It’s that vortex, located on the Isle of the Dead at the heart of Ulthuan, that’s the central objective of the campaign in Total War: Warhammer II. “Something has happened to destabilise that vortex a bit,” says Roxburgh, “and each of the races in the world are looking to jump in and take advantage of this. A couple of them want to keep it stable, keep the status quo, keep Chaos at bay.” It’s safe to assume that these are the Lizardmen and High Elves, who are both good guys (or as close as you’ll ever get in Warhammer).
“Others want to destabilise it while they can so they can take advantage of the carnage that would ensue,” that’ll be the Dark Elves and Skaven. “So we've built individual narratives around each of the races now, and how they feed into the vortex. They've all got their own story.”
We ask how you’ll interact with the vortex, and CA simply say “rituals” are involved, which sound like they’ll comprise a quest line. Each race will “have different requirements to get to the point where they have to cast a ritual,” says Roxburgh. “The storyline for that individual race will tell you why and what's going on. As you go through the game you get to cast these rituals that will unlock a bit more of the narrative and unlock your power and control over the vortex.”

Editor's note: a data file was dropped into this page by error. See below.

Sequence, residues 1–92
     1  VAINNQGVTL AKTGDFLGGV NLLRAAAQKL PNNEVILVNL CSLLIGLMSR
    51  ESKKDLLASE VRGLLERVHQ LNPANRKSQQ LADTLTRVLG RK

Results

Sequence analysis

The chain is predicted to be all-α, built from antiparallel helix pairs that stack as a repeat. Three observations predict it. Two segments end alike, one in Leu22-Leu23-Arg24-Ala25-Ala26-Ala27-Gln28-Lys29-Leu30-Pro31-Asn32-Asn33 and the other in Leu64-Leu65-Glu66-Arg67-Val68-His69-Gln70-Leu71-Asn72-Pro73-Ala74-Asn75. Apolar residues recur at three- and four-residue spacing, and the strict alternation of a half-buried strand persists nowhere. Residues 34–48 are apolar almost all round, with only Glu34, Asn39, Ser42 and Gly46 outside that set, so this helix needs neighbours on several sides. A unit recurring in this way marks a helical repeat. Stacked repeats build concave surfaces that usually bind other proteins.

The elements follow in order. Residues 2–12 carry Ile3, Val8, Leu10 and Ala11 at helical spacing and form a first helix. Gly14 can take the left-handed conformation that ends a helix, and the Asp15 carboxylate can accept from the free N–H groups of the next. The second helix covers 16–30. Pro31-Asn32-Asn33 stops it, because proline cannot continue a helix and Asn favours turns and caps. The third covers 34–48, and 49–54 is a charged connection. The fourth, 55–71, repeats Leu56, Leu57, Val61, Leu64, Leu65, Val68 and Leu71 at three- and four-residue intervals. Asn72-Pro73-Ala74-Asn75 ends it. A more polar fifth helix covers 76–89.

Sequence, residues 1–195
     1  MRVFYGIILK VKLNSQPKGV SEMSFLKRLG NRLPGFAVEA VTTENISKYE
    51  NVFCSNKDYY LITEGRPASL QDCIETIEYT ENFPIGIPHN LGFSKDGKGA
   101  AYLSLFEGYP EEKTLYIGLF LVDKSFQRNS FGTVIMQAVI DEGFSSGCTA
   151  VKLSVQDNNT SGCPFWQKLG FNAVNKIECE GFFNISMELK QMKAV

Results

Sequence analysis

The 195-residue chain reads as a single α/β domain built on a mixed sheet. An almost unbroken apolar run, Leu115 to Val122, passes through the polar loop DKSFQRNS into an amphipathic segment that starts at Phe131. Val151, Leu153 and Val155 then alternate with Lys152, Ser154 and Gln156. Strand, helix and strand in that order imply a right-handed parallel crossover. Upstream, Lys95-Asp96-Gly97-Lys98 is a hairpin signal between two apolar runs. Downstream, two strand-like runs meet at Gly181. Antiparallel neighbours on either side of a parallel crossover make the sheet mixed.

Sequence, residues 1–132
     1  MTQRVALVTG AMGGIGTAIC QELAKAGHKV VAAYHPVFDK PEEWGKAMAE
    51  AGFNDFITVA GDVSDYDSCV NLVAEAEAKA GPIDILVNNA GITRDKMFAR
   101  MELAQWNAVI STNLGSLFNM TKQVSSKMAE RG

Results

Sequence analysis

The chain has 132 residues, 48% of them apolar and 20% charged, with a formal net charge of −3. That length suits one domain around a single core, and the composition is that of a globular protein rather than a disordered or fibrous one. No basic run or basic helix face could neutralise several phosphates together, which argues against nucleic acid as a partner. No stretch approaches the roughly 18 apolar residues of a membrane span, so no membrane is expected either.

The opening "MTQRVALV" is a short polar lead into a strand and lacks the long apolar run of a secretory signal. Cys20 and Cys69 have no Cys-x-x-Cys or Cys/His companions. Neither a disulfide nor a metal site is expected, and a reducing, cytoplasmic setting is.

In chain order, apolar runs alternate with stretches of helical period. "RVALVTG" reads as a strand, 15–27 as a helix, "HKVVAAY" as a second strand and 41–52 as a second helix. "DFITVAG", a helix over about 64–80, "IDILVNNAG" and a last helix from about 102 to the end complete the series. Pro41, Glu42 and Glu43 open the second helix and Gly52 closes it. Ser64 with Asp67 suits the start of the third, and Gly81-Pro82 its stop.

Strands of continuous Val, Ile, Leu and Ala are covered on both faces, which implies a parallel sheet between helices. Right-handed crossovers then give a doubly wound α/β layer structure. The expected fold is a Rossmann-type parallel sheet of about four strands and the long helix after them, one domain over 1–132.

This creates an independent, parallel track to what you’d otherwise consider to be your campaign progress, and CA are excited about the wrinkle this will add to the endgame. “Now you can actually be beaten to effect the vortex by the other races,” says Roxburgh, in which case, you would lose the game even if you’ve conquered half the world. The idea “is to really do something with that endgame that keeps it exciting, keeps it challenging right to the end. You're never going to take your finger off the pulse and just auto-resolve and go through the motions.”
One challenge with having an island at the centre of your campaign map: there’s an ocean around it. This raises the question of naval combat, which isn’t new to Total War and isn’t impossible in a Warhammer setting - there is lore examining the world’s navies, and there have been games either made or licensed by Games Workshop featuring them. But it’s not happening.
“We don’t have naval combat in the game, I’ll be clear about that - we don’t have full, simulated naval battles,” says Bickham. “We pretty much decided from the start that Warhammer, the tabletop game, is land-based, and that’s where we’re gonna focus all our efforts.”
But there’s still that island, though, and yes, “there will be requirements to cross perilous bodies of ocean,” Bickham concedes. “Suffice to say, there’s gameplay built around naval passage around the map,” we just don’t yet know what shape it’ll take. Roxburgh sees it as an opportunity: “How do you make the crossing of these areas of water more interesting than just moving from A to B? It's going to be another part of Warhammer II that feels very different to things we've done before.”
Linking it together